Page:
Of course we could be wrong. It’s happened before. It’s going to happen again. But we’re not cheer-leading for a collapse in the global economy because it would be good for the gold shares we’ve tipped in Diggers and Drillers or good for our business. Exactly how many people do you think would be buying financial newsletters if the global economy enters the kind of Depression we’ve been talking about?
It always amazes me when people question our motives. Of course we’re in business to make money. We’d be stupid otherwise. But at least in this business, our interests are completely aligned with yours. It’s completely transparent. You read the free e-letter. If you find something valuable, you buy the newsletter. If the tips do well and you like the ideas, you keep it. If not, you don’t.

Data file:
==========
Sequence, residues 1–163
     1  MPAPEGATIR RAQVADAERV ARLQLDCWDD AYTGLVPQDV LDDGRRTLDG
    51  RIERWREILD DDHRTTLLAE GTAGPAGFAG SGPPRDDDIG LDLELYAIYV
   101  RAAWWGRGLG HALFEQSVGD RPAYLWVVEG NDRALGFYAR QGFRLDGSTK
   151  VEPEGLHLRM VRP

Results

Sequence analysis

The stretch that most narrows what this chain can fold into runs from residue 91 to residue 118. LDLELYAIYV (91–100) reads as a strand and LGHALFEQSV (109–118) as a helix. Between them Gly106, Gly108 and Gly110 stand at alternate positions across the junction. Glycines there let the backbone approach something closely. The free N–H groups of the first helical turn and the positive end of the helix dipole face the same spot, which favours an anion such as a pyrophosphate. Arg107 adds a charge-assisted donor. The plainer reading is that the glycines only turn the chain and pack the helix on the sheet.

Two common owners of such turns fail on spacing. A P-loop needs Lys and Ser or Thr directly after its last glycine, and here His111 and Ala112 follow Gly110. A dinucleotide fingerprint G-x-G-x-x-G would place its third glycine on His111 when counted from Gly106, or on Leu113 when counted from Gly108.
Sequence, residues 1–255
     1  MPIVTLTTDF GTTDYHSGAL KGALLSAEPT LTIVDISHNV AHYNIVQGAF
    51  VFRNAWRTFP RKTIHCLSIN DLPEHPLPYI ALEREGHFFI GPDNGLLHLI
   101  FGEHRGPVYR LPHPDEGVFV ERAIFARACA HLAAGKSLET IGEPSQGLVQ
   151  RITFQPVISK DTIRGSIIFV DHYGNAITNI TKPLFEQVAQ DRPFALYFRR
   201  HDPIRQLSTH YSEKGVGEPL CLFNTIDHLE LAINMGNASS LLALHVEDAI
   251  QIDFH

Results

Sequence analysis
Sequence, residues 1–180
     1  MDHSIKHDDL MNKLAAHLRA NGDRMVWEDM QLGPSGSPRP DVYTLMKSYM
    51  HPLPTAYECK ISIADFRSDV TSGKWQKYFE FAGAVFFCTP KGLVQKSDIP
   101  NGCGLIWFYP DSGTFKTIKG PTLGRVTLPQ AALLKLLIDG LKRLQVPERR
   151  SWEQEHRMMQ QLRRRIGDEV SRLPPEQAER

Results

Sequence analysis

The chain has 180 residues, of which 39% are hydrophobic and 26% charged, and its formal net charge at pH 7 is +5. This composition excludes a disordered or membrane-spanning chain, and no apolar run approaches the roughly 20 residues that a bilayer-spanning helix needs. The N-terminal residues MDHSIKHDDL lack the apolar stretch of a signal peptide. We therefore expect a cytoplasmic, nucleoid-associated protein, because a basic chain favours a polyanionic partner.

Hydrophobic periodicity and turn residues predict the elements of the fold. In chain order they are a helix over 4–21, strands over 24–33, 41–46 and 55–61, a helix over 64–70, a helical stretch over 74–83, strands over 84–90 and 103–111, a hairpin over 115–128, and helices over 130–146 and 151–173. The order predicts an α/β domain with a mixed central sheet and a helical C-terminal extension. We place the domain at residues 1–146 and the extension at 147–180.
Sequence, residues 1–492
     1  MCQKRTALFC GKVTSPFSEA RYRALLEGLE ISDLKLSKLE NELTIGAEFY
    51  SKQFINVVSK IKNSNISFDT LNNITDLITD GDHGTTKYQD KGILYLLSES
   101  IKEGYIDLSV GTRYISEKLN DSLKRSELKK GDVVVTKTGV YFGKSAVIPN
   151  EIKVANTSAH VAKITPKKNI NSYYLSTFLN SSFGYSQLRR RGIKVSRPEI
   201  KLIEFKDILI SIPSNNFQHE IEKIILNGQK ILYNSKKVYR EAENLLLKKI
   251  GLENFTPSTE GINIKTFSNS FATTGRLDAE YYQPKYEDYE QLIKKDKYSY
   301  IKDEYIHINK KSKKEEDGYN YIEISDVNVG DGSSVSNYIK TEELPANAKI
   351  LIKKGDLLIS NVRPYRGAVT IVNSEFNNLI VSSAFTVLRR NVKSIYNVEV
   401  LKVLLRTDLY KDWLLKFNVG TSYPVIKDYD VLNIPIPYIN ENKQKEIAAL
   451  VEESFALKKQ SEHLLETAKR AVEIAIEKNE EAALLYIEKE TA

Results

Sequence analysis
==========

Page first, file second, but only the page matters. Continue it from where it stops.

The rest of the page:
There are no management fees or transaction fees. We’re completely at the mercy of subscription income revenue, which means we’re completely accountable to our customers (not shareholders or advertisers). This is just the way we like it, of course. It gives us the freedom to publish analysis and criticism or investment ideas that we could never publish working for a mainstream paper or and stock broker.
That’s what’s great about this relationship. We get to do what we love full time, which is find investment ideas and analyse financial markets. And if you benefit from that work, then we both make money (or these days, avoid losing it). Our only vested interest is making sure that we do what we say we’re going to do each day: tell you what we think and why we think it, even if you think it’s crazy!